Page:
I don’t think that Marrannis does a bad job in the section; at the same time, it was unsatisfying. In reading this material, I felt that Marrannis’ hand on the material was too heavy; that is, the passages said more about the author and American sensibilities when the book was published (in 1999) than they said about Lombardi. Marrannis even goes so far as to repeat a tale (that he admits is unverified) that a suntanned Lombardi was mistaken for a black man one time. My sense was that the “race” material was both a) too short for such a complex issue and b) involved too much interpretation from Maranniss.

Marranniss Covers a Lot of Ground

The other material was more satisfying. Marranniss discusses the key contributions of forgotten Packer scout Jack Vainisi (who died at age 33). He also covers “Golden Boy” Paul Hornung, a playboy superstar who – in Marranniss’ estimation – was something of an alter ego for the straitlaced Lombardi.

Vince Lombardi of the New York Giants' clutches a play chart

Lombardi as a Giants assistant coach

Sunday’s pages allowed Marranniss to explore a number of topics, not just football. In addition to the Vainisi section, he circled back to Lombardi’s family life, his religious devotion, and the New York Giants’ attempts to lure Lombardi back home as their head coach following the 1960 season.

Still Going Strong

I’m still enjoying When Pride Still Mattered. So far, I give it an 8 out of 10.


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Saturday, 9 December 2017 – reading pages 135-237 of David Maraniss’ When Pride Still Mattered

Saturday, I had to go to graduation. When you’re on faculty, it’s hard to get much out of still-another speaker and still-another group of graduates. The best thing that you can say about graduation is that it’s a great opportunity to read, which is how I spent the 2+ hours.


My copy – with markdown stickers 🙂

The pages that I read Saturday took Vince Lombardi from 1951, when he helped West Point’s football program recover from its infamous cheating scandal, to 1960 when he’d established himself as head coach of the Green Bay Packers. So, this phase of Lombardi’s life is critical, because it culminates (after over 20 years of effort) in Lombardi finding the long-sought head coaching job that would make him famous.

Maranniss attribues Lombardi’s eventual success both to luck and skill – “…a thousand flits of fate could have taken him somewhere else…” (p. 190). When Pride Still Matters does a nice job of describing the dire straits into which the Packer franchise had fallen before Lombardi. The book also explains what a strange choice New York City-native Lombardi was for head coach of a team in a small, midwestern city.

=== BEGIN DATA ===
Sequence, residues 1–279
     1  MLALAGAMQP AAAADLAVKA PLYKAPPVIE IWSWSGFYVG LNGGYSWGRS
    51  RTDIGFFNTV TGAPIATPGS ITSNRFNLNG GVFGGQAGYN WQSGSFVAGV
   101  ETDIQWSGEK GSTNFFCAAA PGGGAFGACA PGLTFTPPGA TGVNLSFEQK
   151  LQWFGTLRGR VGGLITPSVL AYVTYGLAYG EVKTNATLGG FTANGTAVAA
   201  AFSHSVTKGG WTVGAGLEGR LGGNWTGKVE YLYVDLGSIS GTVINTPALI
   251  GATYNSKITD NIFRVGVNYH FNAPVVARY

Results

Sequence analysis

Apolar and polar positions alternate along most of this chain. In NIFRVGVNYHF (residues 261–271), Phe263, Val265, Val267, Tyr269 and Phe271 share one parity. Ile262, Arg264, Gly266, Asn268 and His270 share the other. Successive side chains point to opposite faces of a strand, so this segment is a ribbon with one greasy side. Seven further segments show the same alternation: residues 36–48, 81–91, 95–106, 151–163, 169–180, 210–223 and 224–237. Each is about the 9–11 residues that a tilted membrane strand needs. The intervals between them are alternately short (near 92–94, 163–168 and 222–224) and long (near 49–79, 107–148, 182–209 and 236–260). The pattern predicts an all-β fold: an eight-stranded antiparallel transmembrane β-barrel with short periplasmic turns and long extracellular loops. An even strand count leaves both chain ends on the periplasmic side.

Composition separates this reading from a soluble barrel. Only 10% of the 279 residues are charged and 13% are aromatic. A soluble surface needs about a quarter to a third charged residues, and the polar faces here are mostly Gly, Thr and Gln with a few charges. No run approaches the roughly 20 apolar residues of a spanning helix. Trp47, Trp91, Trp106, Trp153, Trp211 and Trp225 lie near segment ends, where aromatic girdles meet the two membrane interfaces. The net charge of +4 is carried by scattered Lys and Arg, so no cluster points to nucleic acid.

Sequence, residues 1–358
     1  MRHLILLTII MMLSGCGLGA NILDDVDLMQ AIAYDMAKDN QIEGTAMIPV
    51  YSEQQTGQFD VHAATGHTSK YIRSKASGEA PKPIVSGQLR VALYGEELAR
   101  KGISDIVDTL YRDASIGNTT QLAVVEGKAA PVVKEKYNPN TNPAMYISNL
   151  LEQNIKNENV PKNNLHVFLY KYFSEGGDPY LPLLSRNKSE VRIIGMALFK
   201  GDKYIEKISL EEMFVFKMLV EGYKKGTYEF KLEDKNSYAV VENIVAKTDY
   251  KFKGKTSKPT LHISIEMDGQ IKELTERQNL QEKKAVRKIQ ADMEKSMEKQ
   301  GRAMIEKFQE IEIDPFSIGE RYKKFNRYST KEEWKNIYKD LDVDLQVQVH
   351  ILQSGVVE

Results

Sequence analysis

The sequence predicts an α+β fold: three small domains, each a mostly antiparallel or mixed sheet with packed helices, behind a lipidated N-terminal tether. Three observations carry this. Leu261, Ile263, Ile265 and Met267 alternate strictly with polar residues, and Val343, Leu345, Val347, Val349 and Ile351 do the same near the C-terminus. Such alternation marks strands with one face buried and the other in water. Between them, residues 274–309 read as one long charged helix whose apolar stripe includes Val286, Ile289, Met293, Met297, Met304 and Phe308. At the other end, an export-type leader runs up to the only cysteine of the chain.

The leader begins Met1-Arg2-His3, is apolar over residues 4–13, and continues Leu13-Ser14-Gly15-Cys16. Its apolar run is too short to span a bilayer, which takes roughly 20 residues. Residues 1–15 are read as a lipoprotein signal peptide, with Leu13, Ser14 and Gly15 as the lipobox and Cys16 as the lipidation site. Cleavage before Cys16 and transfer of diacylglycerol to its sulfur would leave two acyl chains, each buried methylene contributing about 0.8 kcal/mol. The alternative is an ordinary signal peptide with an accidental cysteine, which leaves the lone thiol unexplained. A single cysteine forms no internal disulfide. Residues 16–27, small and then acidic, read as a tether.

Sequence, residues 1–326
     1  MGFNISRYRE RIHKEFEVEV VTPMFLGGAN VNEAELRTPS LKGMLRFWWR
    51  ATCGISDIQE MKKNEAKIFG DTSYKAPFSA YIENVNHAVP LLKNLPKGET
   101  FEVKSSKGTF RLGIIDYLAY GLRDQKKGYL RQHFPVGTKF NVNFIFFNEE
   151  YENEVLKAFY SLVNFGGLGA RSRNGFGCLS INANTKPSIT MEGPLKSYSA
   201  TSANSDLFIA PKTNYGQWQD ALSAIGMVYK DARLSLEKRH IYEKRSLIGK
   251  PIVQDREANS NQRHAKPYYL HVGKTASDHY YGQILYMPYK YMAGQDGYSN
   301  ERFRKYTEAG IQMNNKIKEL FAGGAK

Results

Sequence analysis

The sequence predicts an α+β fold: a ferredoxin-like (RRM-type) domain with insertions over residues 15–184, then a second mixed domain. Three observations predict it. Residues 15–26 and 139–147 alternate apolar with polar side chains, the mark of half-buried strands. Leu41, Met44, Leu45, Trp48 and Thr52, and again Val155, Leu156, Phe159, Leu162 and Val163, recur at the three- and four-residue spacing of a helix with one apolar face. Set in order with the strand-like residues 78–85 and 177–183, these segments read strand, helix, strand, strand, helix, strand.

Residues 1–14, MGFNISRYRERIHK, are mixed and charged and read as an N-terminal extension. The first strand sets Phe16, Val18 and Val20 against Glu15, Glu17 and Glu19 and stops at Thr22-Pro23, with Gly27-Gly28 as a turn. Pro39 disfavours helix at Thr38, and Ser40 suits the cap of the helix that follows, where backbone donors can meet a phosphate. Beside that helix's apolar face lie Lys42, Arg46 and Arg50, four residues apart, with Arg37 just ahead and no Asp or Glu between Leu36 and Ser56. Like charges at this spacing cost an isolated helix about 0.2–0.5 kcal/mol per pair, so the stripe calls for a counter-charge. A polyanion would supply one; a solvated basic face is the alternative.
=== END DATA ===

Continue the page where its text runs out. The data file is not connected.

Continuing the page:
“He’s a rough soul” – Army Head Coach Red Blaik on Lombardi (p. 99)

One insight into Lombardi from Saturday’s reading is his total obsession with football, and the extent to which his identification with the game ruled his life. So absorbed was Lombardi that – when both were New York Giants assistants – future Dallas Cowboys coach Tom Landry “…came to think of Lombardi as a borderline manic-depressive. He gave him the nickname ‘Mr. High-Low’ – because when his offense did well he was sky high; but, boy, whey they didn’t do well, you couldn’t speak to him” (p. 161).

Marannis provides another fascinating insight into Lombardi, in noting that he always told his players that pain didn’t exist, that it was just in their heads. (Lombardi first heard this idea from his father). But, during his own athletic career, injuries constantly plagued Lombardi and he continued to need medical treatments throughout his life. Marannis comments that “It is a characteristic of many leaders that they confront their own weaknesses indirectly, by working to eliminate them in others, strengthened in that effort by their intimate knowledge of frailty” (p. 221).


Back cover

Predictably, Lombardi’s family life was successful on the surface, but less so behind the scenes. His children suffered his neglect and his wife was never happy. One of Lombardi’s daughter’s Susan’s friends said that the Lombardi’s home was “one of sadness… It was a sad house as soon as you walked in, empty, you could feel the family void” (p. 232). This material interested me, but it wasn’t particularly enlightening, as the first part of When Pride Still Mattered provides the reader with Maranniss’ take on the Lombardis’ home life.


So far, I’m really enjoying When Pride Still Mattered. While I have my quibbles, Maranniss has a good sense of what to include and what to leave out. The story moves and the readers is excited to see what comes next. I’ll stick with yesterday’s rating of 8.5 out of 10.

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Friday, 8 December 2017 – Reading pages 1- 134 of When Pride Still Mattered by David Maraniss